Who started the (dumpster) fire?

I’ve been thinking about how the divide in ideologies of conservatism and liberalism has grown in the last few years.1 It’s a concerning trend and doesn’t help to come to any compromise or shared understanding. Too many opportunities for talking past one another.

Today I happened across two interesting visualization and related articles.

The first is from Lena Groeger (via Flowingdata.com) that shows the political polarization in the American public from 1994 to 2015.

 

The interesting point to me is that since about 1999 till 2012 the Democratic median did not move; it stayed pretty consistently halfway between “mostly liberal” and “mixed”. The Republican median however, started to drift more toward the right (pun intended); “consistently conservative” starting in 2004.

While just one set of data – via Pew surveys – it indicates that the Republican mindset began its journey toward an extreme earlier than that of the Democratic ideologies.

Then there’s this study from the Columbia Journalism Review which indicates that the widening of the gap between median political ideologies was not done in equal measure by both sides – in short, it wasn’t access to technology (the Internet and social media) that lead to the widening gap.

 

Looking at the report it’s clear that both sides weren’t operating equally (with access to the same tools) in spreading biased and outright inaccurate information. It was the more conservative right-wing mindset that was OK with creating public discourse with, well, bullshit. At the center? Bretbart and company.

Our analysis challenges a simple narrative that the internet as a technology is what fragments public discourse and polarizes opinions, by allowing us to inhabit filter bubbles or just read “the daily me.” If technology were the most important driver towards a “post-truth” world, we would expect to see symmetric patterns on the left and the right. Instead, different internal political dynamics in the right and the left led to different patterns in the reception and use of the technology by each wing. While Facebook and Twitter certainly enabled right-wing media to circumvent the gatekeeping power of traditional media, the pattern was not symmetric.

Well, that’s rather unfortunate.

I’ve heard from many folks on both sides of the gulf of ideologies that we should listen to the other side, open our minds, be considerate, etc. I agree with that – as an ideal. In reality, that’s really hard to do when one side appears to have a foundation laid in sand – by which I mean false accusations, bullshit, conjecture, and lies.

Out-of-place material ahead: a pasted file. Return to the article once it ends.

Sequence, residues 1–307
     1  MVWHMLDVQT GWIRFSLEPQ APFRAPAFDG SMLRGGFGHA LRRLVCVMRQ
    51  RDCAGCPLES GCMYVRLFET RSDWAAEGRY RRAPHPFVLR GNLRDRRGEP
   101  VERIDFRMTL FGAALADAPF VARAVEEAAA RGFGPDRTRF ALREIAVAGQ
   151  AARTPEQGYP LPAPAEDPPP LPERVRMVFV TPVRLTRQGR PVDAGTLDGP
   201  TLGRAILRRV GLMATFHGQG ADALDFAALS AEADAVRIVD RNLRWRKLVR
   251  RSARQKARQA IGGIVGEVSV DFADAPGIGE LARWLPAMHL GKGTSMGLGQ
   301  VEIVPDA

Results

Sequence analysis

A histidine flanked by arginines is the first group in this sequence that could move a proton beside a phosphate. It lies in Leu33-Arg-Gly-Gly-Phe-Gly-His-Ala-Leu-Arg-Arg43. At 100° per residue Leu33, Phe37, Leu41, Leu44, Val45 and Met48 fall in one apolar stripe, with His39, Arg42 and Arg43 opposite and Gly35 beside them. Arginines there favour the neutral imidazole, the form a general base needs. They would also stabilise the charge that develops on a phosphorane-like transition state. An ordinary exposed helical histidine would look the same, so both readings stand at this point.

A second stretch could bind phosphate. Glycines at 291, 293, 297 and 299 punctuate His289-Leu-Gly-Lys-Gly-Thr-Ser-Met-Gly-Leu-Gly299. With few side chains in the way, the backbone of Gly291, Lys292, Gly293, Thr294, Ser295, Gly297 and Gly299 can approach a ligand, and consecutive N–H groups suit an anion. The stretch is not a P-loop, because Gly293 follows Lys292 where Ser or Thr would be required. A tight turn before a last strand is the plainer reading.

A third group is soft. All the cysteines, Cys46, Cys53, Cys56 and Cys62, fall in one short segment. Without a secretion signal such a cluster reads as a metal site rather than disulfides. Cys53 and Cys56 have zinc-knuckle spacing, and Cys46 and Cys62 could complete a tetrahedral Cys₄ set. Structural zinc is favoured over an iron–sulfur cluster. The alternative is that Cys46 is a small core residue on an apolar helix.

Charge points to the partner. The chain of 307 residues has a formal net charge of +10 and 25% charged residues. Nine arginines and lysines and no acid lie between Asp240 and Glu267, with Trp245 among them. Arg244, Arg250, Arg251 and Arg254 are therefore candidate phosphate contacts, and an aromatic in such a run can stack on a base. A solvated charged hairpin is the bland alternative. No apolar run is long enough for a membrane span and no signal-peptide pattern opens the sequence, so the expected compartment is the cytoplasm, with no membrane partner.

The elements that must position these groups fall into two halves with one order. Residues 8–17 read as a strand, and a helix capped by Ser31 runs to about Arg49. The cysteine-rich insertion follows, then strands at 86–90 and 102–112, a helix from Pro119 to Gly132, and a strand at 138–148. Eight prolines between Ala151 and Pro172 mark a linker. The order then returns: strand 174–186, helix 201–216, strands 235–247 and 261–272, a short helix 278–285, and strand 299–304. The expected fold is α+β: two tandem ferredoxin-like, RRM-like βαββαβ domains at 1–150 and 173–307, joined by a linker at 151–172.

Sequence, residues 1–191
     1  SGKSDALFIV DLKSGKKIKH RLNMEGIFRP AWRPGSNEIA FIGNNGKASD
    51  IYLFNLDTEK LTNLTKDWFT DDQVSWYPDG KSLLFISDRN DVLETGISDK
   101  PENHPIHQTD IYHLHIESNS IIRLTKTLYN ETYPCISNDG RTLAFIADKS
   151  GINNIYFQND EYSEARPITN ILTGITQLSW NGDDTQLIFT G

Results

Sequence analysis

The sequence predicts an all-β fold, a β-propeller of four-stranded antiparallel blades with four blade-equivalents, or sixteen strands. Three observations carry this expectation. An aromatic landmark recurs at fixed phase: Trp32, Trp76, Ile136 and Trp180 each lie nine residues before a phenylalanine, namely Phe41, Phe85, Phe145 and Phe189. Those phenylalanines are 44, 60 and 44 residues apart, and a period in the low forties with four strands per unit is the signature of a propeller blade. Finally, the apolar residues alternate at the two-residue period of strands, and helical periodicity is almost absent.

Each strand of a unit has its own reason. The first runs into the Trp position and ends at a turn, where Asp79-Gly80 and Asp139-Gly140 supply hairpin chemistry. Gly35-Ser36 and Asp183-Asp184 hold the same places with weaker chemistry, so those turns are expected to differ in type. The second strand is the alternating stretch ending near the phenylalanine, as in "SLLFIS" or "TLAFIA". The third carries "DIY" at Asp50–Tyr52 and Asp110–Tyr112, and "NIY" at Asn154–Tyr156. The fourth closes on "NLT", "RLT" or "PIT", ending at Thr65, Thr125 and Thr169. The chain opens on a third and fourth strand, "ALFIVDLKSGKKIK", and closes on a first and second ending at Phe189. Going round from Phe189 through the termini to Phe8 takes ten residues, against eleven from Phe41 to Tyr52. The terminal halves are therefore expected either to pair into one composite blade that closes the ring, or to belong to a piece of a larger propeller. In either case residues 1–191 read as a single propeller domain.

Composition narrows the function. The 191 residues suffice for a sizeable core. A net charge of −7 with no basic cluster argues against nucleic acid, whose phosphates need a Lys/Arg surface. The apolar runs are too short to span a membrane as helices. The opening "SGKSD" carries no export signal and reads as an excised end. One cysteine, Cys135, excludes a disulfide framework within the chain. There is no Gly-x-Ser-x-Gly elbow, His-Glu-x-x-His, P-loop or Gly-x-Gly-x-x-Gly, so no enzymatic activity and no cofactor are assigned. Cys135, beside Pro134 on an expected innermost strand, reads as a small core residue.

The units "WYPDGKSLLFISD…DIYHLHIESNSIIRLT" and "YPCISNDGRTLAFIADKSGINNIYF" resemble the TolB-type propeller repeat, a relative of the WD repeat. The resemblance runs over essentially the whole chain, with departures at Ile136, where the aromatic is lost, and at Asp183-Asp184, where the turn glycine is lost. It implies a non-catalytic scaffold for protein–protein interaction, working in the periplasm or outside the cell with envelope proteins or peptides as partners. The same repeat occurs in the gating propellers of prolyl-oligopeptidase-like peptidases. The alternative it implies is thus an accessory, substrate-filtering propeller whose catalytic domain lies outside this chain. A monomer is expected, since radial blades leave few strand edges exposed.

But ugh, this is all at the macro to global level. We’re looking at “the whole thing”. That’s not congruent with folks who say “Not why I voted for Trump”.

That’s frustrating. At the individual level – I get it.

Pretty awesome person danah boyd, an advocate and researcher who talks often on youth culture and the internet shared a really interesting essay on ‘Failing to See, Fueling Hatred“. While not directly tied to conservative thinking or the “alt-right” media landscape I think it captures many of the frustrations more right-leaning folks are feeling and how the allure of the conservative media landscape makes for stronger rationalization in support of the current administration.

Without understanding the complex interplay of things, it’s hard not to feel resentful about certain things that we do see. But at the same time, it’s not possible to hold onto the complexity. I can appreciate why individuals are indignant when they feel as though they pay taxes for that money to be given away to foreigners through foreign aid and immigration programs. These people feel like they’re struggling, feel like they’re working hard, feel like they’re facing injustice. Still, it makes sense to me that people’s sense of prosperity is only as good as their feeling that they’re getting ahead. And when you’ve been earning $40/hour doing union work only to lose that job and feel like the only other option is a $25/hr job, the feeling is bad, no matter that this is more than most people make. There’s a reason that Silicon Valley engineers feel as though they’re struggling and it’s not because they’re comparing themselves to everyone in the world. It’s because the standard of living keeps dropping in front of them. It’s all relative.

This is all to say, there’s no clear path forward. This divide makes relationships difficult when identifying oneself with political ideologies. Especially when ideologies are dirtied with intellectual distrust.

Title inspiration (more)


  1. Follow me on Twitter if you want more of that. If you want less, uh, sorry. ¯\_(ツ)_/¯

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